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Go where the 'Chi' flows

Thursday, November 4, 2004
New Straits Times
By: Ruhayat X

Just because you have dragon in your home doesn't mean you've become an emperor, Joey Yap states coolly. He is talking about the practice of having dragon motifs or sculptures around in the hope of attaining power in life.

“If you're in the wrong place, no amount of decoration will do you any good. So forget about things like getting a good, strong worktable or scattering gold coins to attract wealth chi to you. It's not going to work.”

Ooh, this is good. Barely two minutes into our conversation and this affable feng shui master has already thrown some nuggets of wisdom out the window. You can almost hear the sound of a thousand would-be millionaires crashing to their knees all over the country, weeping over credit card bills that have been, as it turns out, for nothing.

But could there be salvation? Or have the spending sprees really been no more useful than a therapy-shopping binge?

Yap drives the knife further in. Apparently, the popular version of feng shui – you know, the one with the dragon paintings, water features and read walls – is just mumbo-jumbo mixed with some real feng shui. He grudgingly calls it new feng shui.

“Actually, we don't even regrd it as feng shui. Decoration is never part of feng shui. But then people say, ‘Eh, but you Chinese decorate with dragons and all that, isn't that feng shui?' Well, that is Chinese culture. It has nothing to do with feng shui.”

So what is the difference between new feng shui and real feng shui?

“New feng shui tells you to spend, spend, spend, right? If you want such-and-such effect, then you have to buy such-and-such a thing. That's what most people think feng shui is all about. But in real feng shui, or what I call classical feng shui, we don't tell you to spend on decorations. You just need to get the basics right.”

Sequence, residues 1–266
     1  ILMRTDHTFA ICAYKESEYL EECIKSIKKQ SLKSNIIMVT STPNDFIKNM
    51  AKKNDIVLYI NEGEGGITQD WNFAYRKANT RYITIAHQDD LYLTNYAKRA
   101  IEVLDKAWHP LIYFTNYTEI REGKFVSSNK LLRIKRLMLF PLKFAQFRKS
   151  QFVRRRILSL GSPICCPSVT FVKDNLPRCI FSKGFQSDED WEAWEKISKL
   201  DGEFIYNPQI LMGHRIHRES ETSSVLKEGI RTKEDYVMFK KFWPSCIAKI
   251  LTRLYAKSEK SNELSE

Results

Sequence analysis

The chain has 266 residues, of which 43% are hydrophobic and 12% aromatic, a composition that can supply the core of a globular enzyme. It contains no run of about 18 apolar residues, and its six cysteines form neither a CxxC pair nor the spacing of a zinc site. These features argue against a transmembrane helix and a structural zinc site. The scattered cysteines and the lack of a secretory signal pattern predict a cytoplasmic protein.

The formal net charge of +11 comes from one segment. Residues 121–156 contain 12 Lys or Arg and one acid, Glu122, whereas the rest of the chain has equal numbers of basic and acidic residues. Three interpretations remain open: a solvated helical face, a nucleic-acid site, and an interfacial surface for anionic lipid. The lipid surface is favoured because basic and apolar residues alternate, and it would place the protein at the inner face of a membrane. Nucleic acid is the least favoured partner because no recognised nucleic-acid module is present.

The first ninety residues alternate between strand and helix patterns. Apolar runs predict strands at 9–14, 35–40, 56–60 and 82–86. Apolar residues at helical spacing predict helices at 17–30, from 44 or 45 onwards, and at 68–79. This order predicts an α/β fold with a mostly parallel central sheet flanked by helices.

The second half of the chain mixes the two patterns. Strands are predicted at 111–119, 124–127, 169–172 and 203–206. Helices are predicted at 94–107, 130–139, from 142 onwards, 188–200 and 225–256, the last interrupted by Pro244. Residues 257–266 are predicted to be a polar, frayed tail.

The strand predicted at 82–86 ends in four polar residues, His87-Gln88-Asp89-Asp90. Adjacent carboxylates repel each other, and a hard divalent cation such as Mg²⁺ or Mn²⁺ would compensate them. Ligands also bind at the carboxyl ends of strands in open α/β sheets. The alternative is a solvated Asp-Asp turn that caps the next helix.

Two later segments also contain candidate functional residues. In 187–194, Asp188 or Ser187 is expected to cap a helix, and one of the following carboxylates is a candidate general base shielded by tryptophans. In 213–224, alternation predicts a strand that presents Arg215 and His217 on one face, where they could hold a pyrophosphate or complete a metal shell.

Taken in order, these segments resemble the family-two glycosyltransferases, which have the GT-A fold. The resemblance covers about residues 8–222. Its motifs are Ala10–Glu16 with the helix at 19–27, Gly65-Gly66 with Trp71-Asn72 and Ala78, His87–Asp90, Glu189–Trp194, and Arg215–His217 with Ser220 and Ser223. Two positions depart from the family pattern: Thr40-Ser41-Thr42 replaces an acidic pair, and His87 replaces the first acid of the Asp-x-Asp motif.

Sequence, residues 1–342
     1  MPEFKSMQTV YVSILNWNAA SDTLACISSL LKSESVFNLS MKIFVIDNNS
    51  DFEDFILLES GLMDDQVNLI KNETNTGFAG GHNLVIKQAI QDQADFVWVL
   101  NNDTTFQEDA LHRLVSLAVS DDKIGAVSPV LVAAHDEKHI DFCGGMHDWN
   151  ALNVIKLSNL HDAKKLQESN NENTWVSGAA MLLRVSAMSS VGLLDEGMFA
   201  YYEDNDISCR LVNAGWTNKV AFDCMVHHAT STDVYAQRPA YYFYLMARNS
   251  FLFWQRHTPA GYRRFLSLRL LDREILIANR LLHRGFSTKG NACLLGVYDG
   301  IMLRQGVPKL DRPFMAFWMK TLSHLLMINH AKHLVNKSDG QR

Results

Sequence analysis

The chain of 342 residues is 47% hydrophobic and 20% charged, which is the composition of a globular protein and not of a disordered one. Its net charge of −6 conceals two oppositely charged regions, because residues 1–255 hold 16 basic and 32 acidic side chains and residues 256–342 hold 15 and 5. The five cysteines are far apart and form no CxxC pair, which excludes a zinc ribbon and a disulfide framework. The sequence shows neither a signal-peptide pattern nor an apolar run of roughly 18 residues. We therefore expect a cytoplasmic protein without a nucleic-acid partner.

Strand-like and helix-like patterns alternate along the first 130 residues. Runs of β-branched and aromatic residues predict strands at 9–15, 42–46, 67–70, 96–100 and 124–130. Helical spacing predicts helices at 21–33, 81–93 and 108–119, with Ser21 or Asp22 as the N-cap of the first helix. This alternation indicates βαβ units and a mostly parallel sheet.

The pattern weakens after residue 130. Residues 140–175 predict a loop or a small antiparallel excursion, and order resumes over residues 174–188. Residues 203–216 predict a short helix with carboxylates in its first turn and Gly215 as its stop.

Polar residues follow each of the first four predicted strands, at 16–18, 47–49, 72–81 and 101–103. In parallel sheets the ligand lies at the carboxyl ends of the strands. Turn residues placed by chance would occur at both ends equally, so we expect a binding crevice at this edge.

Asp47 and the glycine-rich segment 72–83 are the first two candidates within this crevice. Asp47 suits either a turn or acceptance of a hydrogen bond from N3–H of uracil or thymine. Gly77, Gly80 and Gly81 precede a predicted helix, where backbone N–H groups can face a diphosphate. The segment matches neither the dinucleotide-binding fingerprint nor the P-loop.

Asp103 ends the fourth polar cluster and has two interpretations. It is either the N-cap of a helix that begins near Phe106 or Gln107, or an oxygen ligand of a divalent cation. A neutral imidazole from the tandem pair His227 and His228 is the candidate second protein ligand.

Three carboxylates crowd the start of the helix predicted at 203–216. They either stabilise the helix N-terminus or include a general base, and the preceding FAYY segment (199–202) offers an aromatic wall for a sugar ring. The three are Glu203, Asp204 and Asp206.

An ancient anti-consumerist philosophy, then. This is beginning to sound better by the minute.

But wait, feng shui is still about the prevalent force called chi, right?

“Yes,” comes the reply. “Chi is the invisible energy that flows throughout the universe.

It's like a magnetic field that runs through the Earth, affecting everything.”

Phew. At least the basic is still the same. Well, how do you go about directing the flow of this chi to your benefit if not with objects?

“By doing the right things in the right place,” is the cryptic response. So cryptic that he notices our puzzled expression.

“You cannot control chi by using man-made objects. Do you really think you can control nature with things like paintings and mirrors?” he helpfully offers. And there goes the last of our investments in squatting bullfrogs and antique wind chimes.

As Yap puts it, classical feng shui recognises that you cannot actually manipulate chi. You can only figure out where it is an then position yourself in its path.

It's a bit like wanting to bathe at a waterfall. The hardness of the stone means you cannot alter the course of the water so that it flows into your backyard. Instead, you have to find out where the waterfall is and go build your house there.

But wait, it's not as simple as it sounds. You also have to figure out which part of the waterfall works to invigorate which task. Taking his office as an example, Yap explains why the meeting room we are talking in is situated right there instead of, say, where the reception desk is.

“First of all, we looked at the big picture and chose Mid Valley Boulevard in Kuala Lumpur as the general location for our office, because of the good chi flowing from the hills behind it and the stream flowing in front. From there we zoomed in on the office block, and then the office unit, and finally which floor would be ideal.”

Once they had decided on the optimum unit, the planning focuses on how best to utilise the space. “This meeting room is here because it ahs the best chi for discussion and contemplation. We used the main door as the anchor; everything else flow from there.”

When you have sussed out the right location, he said, you may furnish it as you like. Even the bare minimum will suffice. Indeed, the public areas of his office are sparsely decorated. “Loke at the meeting room. Is there anything here to enhance the flow of chi? No. Because you don't need that. I bought this heavy table not because it attracts chi, but because I like the way it looks.”

After that everything else falls into place. “When your office is in the best place with the yang chi for working, you'll be motivated. And if your bedroom also has the best ying chi for relaxation, then you will be well rested. With such a good combination, how can your productivity not increase?”

So finding the ideal location is the key to god feng shui. But what if you already have an existing house or office?

“ Well, you can re-arrange the space to suit the chi. For instance, you may find out that it's better if your master bedroom is located in the place where your kitchen is right now. These rooms don't always have to be in a place where it makes conventional sense.”